Alternatively, other parents’ cash flow considerations will mean they prefer to build their strategy on a combination of long-term savings and a diversified investment portfolio. The long-term investment returns from this path could well outstrip any savings made by paying in advance. Embedding school fees into a holistic plan could also open up various tax-efficiencies too; income and gains can be generated tax-free through careful use of the dividend allowance and Capital Gains Tax exemption.

Families might also consider enlisting grandparents and other relatives, since their providing help can in effect be a way of passing wealth down the generations efficiently so that Inheritance Tax is minimised. This is a popular route, but one where it is essential to take professional advice so that all family members feel fairly treated and assets are protected in case of divorce and other troubles.

Plan for comfort

Conservatively, it could cost over £500,000 to privately educate just one child from reception through to university. So, while private schooling is likely to be the best investment you can make in your children’s future, committing to this outlay needs to be planned for with care so that this is a comfortable journey.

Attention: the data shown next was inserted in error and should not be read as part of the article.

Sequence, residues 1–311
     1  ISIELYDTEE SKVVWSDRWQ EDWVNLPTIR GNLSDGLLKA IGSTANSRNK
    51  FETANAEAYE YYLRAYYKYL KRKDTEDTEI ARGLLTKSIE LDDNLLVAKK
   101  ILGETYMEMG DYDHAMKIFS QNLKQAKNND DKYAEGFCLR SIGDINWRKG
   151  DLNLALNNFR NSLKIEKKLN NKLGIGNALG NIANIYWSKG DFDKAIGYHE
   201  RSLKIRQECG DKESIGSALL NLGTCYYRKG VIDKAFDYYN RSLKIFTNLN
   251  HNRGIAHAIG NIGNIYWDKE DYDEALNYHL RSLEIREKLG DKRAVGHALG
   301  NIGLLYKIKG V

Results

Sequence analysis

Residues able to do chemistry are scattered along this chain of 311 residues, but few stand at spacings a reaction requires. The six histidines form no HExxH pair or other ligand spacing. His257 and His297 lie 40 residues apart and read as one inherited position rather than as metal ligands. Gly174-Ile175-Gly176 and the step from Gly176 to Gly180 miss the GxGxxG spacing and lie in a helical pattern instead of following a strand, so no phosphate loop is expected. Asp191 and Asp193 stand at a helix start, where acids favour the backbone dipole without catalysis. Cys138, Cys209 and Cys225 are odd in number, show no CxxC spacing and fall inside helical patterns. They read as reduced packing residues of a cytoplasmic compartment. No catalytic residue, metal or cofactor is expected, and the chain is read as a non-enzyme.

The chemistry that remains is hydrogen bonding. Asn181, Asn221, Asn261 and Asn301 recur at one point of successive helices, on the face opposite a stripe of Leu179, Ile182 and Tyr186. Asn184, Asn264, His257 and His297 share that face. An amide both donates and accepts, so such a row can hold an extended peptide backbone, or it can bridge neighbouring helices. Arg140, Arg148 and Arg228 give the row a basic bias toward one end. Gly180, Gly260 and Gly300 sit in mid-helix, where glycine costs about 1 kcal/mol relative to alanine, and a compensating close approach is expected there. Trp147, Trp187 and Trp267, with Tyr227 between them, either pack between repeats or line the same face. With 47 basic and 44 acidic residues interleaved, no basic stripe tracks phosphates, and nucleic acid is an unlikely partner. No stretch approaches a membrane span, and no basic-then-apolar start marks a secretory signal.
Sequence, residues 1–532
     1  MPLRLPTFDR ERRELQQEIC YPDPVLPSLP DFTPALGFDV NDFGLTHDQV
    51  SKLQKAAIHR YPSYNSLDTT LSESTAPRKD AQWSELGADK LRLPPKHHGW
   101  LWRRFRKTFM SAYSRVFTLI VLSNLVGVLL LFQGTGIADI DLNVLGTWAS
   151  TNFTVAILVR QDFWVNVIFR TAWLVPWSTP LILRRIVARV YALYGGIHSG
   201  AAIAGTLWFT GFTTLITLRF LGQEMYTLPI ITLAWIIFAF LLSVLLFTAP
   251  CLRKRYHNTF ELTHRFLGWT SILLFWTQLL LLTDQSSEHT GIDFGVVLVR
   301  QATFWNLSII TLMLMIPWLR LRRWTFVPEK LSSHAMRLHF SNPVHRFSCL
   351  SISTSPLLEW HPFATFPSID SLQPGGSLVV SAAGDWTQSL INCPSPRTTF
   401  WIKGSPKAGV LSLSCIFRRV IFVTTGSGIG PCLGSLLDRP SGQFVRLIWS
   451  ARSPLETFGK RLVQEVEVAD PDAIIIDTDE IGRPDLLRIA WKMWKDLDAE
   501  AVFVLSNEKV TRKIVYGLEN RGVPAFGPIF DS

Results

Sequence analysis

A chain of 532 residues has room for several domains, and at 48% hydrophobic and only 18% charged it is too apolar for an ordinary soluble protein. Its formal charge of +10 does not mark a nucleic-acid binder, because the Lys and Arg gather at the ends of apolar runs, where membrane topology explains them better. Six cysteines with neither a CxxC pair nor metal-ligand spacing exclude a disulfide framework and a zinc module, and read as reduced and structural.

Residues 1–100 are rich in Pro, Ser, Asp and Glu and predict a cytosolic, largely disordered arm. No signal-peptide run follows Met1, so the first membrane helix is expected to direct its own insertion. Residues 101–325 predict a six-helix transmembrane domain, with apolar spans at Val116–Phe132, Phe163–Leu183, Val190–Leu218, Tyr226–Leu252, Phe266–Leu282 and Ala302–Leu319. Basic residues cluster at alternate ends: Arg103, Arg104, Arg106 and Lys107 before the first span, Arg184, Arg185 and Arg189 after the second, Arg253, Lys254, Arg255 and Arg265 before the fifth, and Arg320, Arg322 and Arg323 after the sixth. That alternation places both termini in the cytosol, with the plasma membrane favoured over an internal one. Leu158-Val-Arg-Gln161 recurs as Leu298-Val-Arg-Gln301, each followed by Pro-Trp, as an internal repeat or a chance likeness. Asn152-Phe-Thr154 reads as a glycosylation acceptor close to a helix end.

As with achieving all your financial objectives, the aim is to always have your wealth working as hard as it can, to reduce costs and taxes wherever possible and to have frank conversations that ensure the whole family are on the same page. Wealth management advisers are adept at facilitating all this – and may even be able to offer informal tips about the best schools too.

As with achieving all your financial objectives, the aim is to always have your wealth working as hard as it can, to reduce costs and taxes wherever possible and to have frank conversations that ensure the whole family are on the same page

If you would like to have a free, no-obligation discussion with an adviser about planning for school fees, let us arrange one for you without delay. Or to hear more about how wealth managers help families like yours, get in touch with our expert team.